We have conducted a study on data transmission in consumer security products, addressing the concerns of Internet users regarding the access and usage of their personal information. While computer security software has a legitimate need to send certain system information to its manufacturers, such as details of malware for effective user protection, it is crucial that programs do not indiscriminately transmit personal data without the explicit knowledge and consent of the system’s owner. This report provides valuable insights into the data-sending practices of popular consumer security programs.
Data transmission in Internet security products
We have released a study of data transmission in Internet security products. Many Internet users are concerned about who has access to their personal information and what is done with it. After revelations by Edward Snowden regarding the extent of eavesdropping by the US-American NSA, users have become increasingly aware of privacy issues. Computer security software has legitimate grounds for sending its makers some information about the system it’s running on; in particular, details of malware found on the machine have to be sent to the manufacturer in order to protect the user effectively. however, this does not mean that a program should have carte blanche to send any and all personal information found on a computer to the manufacturer (other than with the specific knowledge and agreement of the system’s owner). This report gives some insight into data-sending by popular security programs.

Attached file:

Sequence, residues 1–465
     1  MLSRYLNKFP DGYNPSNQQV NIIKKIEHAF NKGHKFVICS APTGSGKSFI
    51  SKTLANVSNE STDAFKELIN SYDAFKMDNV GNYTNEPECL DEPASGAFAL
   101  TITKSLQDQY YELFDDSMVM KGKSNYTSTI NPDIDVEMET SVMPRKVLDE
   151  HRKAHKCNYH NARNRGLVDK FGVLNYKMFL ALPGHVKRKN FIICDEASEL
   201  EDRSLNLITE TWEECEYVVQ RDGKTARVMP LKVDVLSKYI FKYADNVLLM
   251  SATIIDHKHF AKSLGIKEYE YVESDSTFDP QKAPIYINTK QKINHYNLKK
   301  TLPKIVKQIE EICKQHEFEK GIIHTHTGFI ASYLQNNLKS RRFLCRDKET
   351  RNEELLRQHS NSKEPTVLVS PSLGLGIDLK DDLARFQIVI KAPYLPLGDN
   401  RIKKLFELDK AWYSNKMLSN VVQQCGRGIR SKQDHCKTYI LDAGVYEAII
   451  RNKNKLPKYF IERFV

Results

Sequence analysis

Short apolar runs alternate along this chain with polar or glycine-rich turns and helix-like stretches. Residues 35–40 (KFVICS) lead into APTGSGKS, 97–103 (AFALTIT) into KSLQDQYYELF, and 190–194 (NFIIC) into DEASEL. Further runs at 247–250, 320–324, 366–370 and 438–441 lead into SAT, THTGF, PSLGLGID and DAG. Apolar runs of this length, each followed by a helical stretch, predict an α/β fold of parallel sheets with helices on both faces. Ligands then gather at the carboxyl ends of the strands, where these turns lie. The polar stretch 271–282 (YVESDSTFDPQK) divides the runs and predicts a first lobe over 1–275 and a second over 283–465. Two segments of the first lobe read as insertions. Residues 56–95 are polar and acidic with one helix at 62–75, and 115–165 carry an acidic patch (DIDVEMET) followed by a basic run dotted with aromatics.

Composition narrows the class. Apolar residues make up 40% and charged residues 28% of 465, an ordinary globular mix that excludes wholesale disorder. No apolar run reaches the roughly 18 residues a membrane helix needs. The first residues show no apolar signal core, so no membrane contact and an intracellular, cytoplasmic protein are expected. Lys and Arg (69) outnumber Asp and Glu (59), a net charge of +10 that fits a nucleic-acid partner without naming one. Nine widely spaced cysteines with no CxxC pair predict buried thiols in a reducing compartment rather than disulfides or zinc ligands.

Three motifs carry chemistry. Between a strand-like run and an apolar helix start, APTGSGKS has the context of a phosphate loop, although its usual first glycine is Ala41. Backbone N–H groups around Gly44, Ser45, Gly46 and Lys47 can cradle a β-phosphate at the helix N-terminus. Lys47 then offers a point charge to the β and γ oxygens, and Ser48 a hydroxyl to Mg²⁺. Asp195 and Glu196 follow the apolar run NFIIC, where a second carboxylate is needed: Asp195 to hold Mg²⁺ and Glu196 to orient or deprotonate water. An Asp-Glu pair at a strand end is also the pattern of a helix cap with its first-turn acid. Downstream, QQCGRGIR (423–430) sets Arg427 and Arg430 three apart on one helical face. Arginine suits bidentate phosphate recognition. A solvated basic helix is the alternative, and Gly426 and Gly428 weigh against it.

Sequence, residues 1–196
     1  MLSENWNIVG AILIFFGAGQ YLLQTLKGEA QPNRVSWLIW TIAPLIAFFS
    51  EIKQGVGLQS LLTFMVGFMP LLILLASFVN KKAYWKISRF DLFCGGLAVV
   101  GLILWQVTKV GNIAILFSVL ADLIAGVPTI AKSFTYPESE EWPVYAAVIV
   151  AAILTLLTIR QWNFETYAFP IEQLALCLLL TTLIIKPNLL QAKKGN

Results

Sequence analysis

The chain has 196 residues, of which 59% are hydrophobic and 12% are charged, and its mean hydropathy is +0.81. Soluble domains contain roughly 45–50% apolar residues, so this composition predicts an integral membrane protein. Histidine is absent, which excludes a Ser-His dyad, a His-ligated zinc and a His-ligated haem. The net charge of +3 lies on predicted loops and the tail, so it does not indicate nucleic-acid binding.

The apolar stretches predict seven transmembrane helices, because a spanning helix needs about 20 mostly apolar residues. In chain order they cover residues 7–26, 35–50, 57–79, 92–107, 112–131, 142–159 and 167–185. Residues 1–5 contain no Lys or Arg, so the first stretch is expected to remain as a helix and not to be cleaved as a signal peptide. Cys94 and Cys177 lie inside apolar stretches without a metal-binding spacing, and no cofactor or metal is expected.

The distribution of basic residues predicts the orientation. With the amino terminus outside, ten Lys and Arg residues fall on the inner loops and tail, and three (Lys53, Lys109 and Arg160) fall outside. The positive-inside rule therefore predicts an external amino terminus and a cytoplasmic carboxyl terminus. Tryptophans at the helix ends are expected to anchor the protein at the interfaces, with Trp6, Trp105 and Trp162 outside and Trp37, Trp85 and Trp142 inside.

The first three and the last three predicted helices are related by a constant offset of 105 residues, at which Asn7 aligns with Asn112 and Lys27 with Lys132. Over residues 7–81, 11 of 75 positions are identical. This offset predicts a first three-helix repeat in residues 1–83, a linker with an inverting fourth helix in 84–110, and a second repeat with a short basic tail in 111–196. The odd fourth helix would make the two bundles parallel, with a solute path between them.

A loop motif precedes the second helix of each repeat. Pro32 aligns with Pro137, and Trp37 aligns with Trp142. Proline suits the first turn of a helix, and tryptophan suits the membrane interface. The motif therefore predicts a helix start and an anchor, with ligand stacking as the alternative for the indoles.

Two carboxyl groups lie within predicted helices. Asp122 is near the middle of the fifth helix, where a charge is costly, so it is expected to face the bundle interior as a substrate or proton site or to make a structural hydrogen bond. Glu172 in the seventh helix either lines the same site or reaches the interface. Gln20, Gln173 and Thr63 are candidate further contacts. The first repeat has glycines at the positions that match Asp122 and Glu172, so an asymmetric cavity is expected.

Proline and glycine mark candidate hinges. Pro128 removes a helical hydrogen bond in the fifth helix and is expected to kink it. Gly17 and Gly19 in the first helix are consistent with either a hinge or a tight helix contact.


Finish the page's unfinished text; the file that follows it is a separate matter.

Clearly, antivirus manufacturers have to comply with the laws of the countries in which they are established. In the event of e.g. a court order requiring the vendor to provide information about a customer, the company has no choice but to do this. However, this should be the only reason for providing user data to a third party. Some companies do not state that they will only pass on customer information in such circumstances.
This report was initially requested and commissioned by PCgo and PC Magazin Germany.